Crevole Castle

How to reach

Crevole rises to the north of the town of Murlo, the principal center of the area. It can be reached following the SS2 Cassia, and from here, the indications for Lucignano d' Arbia. From the SS223 Siena-Grosseto following the indications for Fontazzi.


The area where the castle of Crevole rises is today the territory of the town of Murlo. During medieval times, it was involved in one of the principal fiefs of the Bishop of the nearby powerful city of Siena. This was granted in 1189, and already at the end of the same century, the Episcopalian dominion of the area was total, so much so that it constituted one of his greatest patrimonies. From the year 1274, also maintaining full powers during the fief, the bishops were subjected to the obligation of militia, and from 1387 to the payment of tribute to the Senese Commune. Only in 1749 were the laws of the bishop on Murlo and its territory abolished. The only evidence of its long history under ecclesiastical hegemony is the nearby town of Vescovado, whose name is derived from the Italian word "Vescovo" which means bishop.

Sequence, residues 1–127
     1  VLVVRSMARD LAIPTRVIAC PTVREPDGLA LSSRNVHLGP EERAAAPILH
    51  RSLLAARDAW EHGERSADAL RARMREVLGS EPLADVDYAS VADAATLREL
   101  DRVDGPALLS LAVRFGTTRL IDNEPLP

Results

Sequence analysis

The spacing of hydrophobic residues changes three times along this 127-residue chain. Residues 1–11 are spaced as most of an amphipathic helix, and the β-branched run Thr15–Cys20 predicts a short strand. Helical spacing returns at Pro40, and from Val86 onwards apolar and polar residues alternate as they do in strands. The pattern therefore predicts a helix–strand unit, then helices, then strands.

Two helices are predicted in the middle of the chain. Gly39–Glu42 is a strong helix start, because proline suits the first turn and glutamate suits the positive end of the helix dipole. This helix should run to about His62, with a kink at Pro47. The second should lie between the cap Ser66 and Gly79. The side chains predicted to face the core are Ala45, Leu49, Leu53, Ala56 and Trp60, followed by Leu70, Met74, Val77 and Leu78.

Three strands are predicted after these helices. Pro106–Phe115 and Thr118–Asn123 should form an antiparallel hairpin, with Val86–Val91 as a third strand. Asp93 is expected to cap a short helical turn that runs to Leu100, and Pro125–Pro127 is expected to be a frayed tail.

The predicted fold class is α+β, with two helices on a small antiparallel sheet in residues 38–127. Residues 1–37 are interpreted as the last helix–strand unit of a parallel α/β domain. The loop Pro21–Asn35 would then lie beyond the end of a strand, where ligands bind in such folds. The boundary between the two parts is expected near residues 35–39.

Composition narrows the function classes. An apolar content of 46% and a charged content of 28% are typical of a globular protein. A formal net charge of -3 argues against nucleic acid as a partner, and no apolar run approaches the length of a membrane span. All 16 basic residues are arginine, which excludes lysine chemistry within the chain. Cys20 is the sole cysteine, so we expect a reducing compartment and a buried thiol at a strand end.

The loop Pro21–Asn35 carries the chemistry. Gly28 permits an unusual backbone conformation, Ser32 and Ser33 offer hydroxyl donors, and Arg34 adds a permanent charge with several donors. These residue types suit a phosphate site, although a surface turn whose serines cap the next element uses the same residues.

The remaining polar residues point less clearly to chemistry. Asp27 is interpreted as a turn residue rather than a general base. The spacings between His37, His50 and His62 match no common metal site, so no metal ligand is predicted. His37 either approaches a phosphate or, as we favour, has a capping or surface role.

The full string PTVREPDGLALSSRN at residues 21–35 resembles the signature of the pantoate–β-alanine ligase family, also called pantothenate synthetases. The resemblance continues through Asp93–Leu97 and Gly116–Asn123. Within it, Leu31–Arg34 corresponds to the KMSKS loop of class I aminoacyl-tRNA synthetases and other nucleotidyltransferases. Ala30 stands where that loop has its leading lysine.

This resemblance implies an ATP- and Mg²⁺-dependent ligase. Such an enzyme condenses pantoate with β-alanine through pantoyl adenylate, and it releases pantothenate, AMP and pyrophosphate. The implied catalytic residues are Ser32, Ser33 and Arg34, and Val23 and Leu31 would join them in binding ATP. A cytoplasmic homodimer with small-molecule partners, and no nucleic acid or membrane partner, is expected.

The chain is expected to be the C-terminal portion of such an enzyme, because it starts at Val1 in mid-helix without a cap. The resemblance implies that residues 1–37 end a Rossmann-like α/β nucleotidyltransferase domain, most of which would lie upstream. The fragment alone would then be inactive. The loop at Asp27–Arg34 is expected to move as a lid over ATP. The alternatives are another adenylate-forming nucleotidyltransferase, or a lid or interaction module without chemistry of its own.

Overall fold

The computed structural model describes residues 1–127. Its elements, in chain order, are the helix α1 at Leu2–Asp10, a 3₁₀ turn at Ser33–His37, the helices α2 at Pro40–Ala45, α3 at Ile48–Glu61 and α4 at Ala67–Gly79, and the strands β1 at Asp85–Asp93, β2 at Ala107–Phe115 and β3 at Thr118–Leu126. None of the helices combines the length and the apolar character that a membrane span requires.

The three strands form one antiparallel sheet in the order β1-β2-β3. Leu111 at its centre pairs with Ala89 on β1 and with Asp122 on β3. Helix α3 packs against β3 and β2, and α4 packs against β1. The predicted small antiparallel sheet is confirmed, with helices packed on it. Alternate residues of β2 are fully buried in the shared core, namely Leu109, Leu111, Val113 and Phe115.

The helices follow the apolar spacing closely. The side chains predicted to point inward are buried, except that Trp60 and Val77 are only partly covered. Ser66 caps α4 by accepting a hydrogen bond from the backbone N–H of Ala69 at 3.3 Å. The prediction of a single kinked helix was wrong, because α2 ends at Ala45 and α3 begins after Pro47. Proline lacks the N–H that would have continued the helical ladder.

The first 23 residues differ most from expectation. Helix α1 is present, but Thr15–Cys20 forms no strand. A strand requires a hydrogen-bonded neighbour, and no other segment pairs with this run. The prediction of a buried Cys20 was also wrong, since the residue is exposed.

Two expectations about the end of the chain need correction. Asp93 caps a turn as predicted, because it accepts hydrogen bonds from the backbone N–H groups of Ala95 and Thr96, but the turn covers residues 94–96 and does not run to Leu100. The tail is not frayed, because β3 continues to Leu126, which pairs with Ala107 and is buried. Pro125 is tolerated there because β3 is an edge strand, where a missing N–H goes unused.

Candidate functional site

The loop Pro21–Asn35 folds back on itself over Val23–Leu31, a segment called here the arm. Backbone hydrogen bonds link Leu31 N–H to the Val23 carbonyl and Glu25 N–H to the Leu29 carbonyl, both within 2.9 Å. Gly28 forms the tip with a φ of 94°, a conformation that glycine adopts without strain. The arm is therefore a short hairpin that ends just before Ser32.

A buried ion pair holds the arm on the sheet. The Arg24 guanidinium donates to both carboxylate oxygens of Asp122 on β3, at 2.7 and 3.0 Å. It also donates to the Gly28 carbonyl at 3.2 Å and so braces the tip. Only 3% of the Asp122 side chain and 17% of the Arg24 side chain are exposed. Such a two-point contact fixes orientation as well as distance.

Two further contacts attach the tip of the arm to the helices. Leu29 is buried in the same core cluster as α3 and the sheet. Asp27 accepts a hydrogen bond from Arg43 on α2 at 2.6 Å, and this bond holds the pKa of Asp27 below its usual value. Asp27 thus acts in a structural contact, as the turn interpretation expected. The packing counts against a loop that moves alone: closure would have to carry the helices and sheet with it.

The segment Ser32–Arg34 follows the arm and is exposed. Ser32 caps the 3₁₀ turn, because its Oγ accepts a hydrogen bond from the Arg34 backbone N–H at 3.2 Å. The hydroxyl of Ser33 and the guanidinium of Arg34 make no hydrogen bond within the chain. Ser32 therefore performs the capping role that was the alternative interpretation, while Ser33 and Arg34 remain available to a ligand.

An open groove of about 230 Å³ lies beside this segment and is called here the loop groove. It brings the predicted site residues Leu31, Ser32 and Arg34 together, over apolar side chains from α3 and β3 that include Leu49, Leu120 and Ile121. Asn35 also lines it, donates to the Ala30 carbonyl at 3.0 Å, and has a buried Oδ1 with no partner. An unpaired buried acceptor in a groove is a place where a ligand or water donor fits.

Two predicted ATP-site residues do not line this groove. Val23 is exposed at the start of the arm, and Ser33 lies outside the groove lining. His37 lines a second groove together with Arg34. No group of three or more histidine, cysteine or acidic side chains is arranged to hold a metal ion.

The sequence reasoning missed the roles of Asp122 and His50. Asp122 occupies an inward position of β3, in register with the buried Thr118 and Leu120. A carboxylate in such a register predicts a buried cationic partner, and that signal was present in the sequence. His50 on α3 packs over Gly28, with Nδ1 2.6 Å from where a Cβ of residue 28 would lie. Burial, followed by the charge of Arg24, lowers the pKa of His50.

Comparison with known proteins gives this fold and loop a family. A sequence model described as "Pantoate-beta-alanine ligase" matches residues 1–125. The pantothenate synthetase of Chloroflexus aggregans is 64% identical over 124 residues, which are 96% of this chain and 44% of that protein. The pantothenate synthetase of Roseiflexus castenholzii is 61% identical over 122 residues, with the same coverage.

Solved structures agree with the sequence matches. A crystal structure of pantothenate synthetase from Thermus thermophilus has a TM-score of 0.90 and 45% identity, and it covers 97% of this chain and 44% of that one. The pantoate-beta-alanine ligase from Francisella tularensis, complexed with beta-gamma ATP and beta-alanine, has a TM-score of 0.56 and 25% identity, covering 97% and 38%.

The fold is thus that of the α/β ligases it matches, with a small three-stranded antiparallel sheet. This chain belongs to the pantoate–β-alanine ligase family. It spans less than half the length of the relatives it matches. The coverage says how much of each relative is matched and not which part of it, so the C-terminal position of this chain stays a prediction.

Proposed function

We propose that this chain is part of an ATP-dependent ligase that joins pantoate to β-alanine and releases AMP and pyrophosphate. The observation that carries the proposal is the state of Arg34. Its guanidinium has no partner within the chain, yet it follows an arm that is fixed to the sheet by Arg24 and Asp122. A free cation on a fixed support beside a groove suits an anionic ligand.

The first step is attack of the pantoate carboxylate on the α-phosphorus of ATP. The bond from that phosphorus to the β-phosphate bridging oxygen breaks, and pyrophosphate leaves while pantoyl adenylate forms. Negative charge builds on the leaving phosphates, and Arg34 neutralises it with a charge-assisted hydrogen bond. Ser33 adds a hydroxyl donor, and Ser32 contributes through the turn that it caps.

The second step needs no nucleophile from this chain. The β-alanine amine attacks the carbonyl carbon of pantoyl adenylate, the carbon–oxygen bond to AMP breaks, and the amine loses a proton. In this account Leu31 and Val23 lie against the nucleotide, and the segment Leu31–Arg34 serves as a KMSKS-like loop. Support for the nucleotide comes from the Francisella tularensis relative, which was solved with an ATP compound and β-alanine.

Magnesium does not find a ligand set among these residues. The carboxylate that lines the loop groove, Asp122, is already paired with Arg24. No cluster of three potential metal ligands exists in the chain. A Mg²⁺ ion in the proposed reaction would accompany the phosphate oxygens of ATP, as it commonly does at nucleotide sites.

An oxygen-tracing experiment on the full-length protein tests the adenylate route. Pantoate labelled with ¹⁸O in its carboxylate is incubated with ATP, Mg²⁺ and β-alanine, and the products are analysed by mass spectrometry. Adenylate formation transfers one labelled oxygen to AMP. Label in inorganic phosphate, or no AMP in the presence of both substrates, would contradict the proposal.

Although the already-named country of Murlo was the chief town of the fief, another important residence of the bishop was Crevole Castle. It already existed at the moment of the constitution of the privileges but was subsequently magnified and mostly strengthened to better serve the demands of the new important owner. In the first years of the 14th century, the bishop Malavolti strengthened the structure again. The garrison of the castle was Sienese but employed by the gentleman of the fief. Siena tried to obtain control over the castle at the end of the 14th century. The most important military action involving Crevole was also the last action of its existence: during the war of Siena the imperial troops leveled the fortification to the ground. Of the once-important castle encircled by double curtain walls and with many towers, today only the square tower on the highest point of the hill (presumably the original nucleus of the first small fortress), part of the walled enclosure of the keep, and some sections of the surrounding external walls remain. Totally abandoned until a few years ago, the complex belongs to an agri-touristic estate, and the scarce remains have been consolidated.